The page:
Voters eagerly showed up in large numbers for yesterday’s General Election, enduring hours-long waits at some voting stations, media report.
In Connecticut, voter turnout was “off the charts,” the Wall Street Journal reported, quoting an election official.
In crucial swing state Ohio, WKBN-27 television reported long lines. In more urban areas, voters had to wait for about half an hour. For both the presidential and the senate races, Ohio was considered a tight race.
In Florida, another battleground state, some counties experienced waiting times of almost 4 hours, according to WFTV. At some precincts in Orlando, there were issues with voting machines, making voters wait for hours in the heat.
Many residents in communities that were severely impacted by Hurricane Sandy gave their civic duty a high priority, despite the devastation.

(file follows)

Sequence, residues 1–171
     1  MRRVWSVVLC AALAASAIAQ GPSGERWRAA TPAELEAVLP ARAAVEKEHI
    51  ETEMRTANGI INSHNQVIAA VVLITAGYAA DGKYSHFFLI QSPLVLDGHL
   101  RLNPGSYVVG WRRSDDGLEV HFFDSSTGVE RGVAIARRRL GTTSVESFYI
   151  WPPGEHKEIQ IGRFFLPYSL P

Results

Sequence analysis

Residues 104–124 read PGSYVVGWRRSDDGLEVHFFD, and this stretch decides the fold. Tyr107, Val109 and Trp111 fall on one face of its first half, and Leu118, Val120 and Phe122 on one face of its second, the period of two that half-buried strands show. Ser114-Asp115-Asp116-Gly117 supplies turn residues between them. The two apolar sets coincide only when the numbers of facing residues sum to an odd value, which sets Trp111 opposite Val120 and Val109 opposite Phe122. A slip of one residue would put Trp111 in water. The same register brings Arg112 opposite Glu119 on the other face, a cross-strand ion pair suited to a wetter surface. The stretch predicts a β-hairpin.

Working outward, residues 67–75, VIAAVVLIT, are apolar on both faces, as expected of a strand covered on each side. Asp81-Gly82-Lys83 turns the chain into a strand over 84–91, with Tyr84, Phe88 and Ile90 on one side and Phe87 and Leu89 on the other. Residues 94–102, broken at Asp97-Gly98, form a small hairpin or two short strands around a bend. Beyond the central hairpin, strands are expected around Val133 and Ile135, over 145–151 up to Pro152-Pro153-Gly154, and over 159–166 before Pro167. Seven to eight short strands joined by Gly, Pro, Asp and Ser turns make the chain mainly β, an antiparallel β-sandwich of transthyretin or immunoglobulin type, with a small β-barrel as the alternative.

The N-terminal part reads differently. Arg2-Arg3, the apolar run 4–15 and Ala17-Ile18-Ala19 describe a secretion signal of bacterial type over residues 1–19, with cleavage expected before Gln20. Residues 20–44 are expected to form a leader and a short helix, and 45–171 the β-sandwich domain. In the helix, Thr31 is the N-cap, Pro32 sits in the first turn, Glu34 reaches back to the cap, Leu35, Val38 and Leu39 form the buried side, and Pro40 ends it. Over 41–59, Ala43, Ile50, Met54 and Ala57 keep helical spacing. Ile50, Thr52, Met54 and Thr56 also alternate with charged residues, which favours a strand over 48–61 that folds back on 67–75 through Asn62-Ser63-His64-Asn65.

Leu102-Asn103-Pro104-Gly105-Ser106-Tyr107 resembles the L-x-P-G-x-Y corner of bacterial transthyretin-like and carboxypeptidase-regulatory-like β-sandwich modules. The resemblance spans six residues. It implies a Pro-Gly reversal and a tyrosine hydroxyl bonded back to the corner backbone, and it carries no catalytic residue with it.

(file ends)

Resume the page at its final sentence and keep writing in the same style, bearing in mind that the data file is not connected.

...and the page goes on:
“It’s such a relief to be able to do it. This is the happiest vote I ever cast in my life,” said Annette DeBona, a resident at Point Pleasant Beach who had to travel to a neighboring town due storm damage, according to AP.
Some states reported a higher voter turnout than they had four years ago. In Virginia, State Board of Elections secretary Don Palmer said, “Turnout is robust … We think it’ll be higher than 2008,” according to the Richmond Times-Dispatch. To mitigate long lines in some precincts, Palmer ordered adding more voting equipment.
In California, the most populous state with the highest number of Electoral College votes (55), voter turnout is expected to hit 70 percent of registered voters this election. At the same time, the number of mail-in ballots reached a new high, with 51 percent, exceeding those cast at the precinct.
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